Why AI act must ensure safety without hampering innovation

Elaine Gemmell, head of regulatory affairs at InnoScot Health, analyses where the new EU AI Act legislation is beneficial and where it must remain flexible.

The EU agreeing a landmark deal on regulation of artificial intelligence (AI) is a welcome development – but it must also remain open to change while ensuring global competitiveness.

While the proposed AI Act is yet to be ratified by member states and will not come into force until at least next year, it is set to be the world’s first comprehensive laws regulating artificial intelligence, governing the use of technologies such as facial recognition and ChatGPT.

EU Commissioner Thierry Breton has stated that the Act – agreed in December – will set “clear rules for the use of AI” while European Commission President Ursula von der Leyen insisted it is a “unique legal framework for the development of AI you can trust”.

The Act will apply to EU AI providers and developers as well as those located in other territories – including the UK – if their AI systems affect individuals residing in the EU.

Nevertheless, I believe that the Act, which has been dubbed ‘Europe fit for the digital age’, must primarily help, not hamper the development of key technologies while ensuring safety and rights for the end user.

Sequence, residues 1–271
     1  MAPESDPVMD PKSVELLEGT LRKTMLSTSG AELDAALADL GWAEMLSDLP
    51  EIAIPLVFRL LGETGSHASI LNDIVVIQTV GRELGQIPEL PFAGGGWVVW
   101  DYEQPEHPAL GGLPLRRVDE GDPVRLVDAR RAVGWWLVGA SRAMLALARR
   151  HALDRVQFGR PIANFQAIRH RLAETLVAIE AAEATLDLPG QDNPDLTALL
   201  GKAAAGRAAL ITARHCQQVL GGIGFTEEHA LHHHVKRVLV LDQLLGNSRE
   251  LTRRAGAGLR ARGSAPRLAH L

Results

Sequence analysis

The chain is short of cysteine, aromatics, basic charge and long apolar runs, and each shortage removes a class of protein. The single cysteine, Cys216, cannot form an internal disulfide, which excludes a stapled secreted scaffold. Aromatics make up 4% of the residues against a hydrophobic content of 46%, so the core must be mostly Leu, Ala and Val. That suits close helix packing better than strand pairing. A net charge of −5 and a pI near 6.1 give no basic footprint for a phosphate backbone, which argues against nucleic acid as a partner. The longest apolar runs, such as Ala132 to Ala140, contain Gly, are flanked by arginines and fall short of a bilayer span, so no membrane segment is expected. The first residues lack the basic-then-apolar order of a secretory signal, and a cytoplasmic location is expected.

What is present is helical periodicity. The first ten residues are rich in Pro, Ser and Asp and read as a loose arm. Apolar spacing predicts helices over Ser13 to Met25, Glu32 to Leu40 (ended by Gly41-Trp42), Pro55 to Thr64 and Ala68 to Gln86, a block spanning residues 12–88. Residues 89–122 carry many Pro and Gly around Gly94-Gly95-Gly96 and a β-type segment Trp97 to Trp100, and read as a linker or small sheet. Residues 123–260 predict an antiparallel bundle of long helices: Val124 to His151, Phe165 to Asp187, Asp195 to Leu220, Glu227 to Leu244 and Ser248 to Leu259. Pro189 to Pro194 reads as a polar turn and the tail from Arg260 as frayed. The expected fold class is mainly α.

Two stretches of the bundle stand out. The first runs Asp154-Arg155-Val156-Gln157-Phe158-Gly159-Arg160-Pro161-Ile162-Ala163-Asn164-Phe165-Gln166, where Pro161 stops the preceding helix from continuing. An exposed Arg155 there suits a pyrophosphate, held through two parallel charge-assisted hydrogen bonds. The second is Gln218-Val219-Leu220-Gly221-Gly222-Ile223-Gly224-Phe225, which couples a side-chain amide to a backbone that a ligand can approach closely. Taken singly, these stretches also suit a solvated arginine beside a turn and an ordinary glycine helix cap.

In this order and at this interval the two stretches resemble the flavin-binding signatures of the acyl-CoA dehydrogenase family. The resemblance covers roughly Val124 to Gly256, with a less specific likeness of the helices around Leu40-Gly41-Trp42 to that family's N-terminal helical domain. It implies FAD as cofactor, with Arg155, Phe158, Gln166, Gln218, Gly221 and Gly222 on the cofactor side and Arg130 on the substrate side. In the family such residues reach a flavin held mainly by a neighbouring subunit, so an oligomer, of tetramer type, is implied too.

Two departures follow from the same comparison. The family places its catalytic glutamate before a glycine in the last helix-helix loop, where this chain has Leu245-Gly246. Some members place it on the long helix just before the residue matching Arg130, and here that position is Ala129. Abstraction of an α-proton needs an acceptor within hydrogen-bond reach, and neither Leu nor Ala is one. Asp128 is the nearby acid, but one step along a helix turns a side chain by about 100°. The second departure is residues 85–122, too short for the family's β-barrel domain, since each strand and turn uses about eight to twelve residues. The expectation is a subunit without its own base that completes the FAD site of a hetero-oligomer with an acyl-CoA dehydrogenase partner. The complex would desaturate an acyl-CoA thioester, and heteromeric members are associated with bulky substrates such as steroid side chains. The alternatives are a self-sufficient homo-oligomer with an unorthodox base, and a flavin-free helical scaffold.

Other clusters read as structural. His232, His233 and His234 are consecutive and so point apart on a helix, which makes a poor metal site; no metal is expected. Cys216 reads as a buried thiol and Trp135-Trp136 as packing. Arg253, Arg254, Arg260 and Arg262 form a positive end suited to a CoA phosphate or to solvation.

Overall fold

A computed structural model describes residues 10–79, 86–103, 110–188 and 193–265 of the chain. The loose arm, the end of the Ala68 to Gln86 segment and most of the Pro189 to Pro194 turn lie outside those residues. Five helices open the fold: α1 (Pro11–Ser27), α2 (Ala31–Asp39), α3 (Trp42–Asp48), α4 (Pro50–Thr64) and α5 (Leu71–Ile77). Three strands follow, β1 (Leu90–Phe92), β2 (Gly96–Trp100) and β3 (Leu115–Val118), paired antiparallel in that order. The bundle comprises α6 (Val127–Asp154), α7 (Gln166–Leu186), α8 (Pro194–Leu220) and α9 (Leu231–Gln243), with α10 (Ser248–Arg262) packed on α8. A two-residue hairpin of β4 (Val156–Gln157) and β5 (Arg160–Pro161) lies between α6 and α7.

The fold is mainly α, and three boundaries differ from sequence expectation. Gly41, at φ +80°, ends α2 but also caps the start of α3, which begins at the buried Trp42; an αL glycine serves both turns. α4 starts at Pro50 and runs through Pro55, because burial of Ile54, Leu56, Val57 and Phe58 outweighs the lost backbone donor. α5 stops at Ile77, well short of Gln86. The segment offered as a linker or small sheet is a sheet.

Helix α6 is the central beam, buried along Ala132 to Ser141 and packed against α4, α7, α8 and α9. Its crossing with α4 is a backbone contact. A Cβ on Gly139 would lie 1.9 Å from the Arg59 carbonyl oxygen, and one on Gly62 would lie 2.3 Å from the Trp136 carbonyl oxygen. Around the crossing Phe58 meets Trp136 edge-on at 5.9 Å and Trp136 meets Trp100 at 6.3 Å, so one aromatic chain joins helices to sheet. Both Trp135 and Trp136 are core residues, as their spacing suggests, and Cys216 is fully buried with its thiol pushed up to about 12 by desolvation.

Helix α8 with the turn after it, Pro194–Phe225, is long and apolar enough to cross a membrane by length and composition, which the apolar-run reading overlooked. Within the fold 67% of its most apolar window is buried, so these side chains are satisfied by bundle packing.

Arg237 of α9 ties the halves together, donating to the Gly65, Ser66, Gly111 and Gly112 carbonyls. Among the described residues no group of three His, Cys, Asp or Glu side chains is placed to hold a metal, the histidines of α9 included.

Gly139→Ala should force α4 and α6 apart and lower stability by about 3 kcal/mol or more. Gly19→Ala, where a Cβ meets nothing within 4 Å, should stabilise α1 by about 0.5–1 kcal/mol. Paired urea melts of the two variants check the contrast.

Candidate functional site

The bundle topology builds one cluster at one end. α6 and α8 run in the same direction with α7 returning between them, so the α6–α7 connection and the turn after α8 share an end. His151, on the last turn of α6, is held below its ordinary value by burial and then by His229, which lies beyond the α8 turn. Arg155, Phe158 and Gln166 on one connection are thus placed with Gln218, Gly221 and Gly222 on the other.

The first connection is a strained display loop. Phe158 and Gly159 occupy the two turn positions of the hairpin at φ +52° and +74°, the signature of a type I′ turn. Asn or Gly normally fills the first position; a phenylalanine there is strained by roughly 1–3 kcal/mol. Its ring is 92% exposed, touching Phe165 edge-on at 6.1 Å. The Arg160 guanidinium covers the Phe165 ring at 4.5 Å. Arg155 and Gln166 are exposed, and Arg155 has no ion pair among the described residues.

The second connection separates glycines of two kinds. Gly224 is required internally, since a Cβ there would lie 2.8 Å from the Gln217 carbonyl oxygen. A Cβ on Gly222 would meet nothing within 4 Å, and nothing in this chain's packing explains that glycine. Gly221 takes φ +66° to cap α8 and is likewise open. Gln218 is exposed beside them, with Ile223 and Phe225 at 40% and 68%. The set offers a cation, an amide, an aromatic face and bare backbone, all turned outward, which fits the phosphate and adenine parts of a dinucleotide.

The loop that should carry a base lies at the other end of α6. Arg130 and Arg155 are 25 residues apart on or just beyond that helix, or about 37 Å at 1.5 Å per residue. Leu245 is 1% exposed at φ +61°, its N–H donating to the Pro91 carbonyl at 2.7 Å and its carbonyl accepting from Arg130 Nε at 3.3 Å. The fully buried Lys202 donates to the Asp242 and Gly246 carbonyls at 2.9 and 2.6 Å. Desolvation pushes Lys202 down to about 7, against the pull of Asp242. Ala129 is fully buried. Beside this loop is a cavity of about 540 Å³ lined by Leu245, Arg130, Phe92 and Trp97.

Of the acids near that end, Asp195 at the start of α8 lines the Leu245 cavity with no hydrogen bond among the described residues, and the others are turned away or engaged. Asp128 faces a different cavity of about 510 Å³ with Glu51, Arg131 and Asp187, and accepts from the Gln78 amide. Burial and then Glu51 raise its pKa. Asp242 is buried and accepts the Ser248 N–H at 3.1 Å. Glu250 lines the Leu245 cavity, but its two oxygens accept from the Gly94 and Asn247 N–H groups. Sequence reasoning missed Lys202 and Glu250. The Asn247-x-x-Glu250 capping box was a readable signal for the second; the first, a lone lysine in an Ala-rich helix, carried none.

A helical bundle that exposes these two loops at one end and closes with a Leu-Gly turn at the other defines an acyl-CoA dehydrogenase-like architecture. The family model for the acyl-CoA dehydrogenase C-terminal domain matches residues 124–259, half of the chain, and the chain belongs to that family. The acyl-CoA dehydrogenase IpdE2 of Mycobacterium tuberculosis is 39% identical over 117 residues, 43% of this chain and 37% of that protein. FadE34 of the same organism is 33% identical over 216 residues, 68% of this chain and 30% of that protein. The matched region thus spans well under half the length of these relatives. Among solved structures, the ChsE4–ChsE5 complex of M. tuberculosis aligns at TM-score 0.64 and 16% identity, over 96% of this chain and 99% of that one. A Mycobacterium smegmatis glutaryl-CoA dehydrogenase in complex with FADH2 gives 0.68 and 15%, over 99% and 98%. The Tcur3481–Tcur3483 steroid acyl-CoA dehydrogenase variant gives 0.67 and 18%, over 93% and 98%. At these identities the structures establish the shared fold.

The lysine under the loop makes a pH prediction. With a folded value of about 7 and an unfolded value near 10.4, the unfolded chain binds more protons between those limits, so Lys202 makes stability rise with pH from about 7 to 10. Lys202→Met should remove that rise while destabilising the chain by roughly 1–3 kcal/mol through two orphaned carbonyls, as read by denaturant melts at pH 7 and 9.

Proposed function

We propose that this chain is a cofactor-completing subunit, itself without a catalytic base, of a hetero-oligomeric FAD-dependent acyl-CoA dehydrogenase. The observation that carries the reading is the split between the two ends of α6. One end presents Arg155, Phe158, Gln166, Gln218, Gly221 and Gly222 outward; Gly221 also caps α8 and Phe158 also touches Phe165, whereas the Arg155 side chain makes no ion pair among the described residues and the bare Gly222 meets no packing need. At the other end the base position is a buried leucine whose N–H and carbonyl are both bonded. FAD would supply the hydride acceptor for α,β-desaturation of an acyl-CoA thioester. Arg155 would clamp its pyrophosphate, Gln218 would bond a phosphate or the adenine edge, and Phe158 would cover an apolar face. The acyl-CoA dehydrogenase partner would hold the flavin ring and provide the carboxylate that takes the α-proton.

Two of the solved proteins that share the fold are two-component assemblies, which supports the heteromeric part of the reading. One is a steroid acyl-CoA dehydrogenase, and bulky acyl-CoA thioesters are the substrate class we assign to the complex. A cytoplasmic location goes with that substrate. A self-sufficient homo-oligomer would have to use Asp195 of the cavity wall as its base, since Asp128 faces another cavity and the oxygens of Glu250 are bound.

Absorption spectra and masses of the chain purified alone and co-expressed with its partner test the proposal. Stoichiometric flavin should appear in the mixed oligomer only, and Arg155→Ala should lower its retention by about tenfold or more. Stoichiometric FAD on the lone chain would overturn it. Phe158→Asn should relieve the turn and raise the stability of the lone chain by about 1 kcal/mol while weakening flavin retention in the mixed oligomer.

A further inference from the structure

It’s good to see the EU stealing a march in this important, often contentious area, and the Act should serve to promote trust and investment thanks to greater clarity on how potential risks to health, safety and fundamental rights will be addressed.

That means the banning of single-purpose AI systems that pose unacceptable risks to individuals’ fundamental rights, health, or safety, or to society. At the same time, so-called ‘high-risk AI systems’ will be scrutinised but can be permitted if their operators adhere to strict requirements before placement on the market or use.

However, with AI being a rapidly evolving area – including its role in the growth of important and innovative applications for healthcare – I believe that the new legislation must retain an element of fluidity and be ready to adapt to fresh developments as they arise.

The Act also must ensure the EU remains competitive and that AI companies aren’t discouraged from operating and innovating within it.

At this juncture, I would say it is vital for individuals and organisations that are likely to be affected by the AI Act to start looking at it in closer detail.

While the finer points of the Act, which organisations will need to fully assess for their potential strategic and operational impact, remain unknown for the time being, seeking appropriate advice now to prepare properly for it coming into force may well be prudent.

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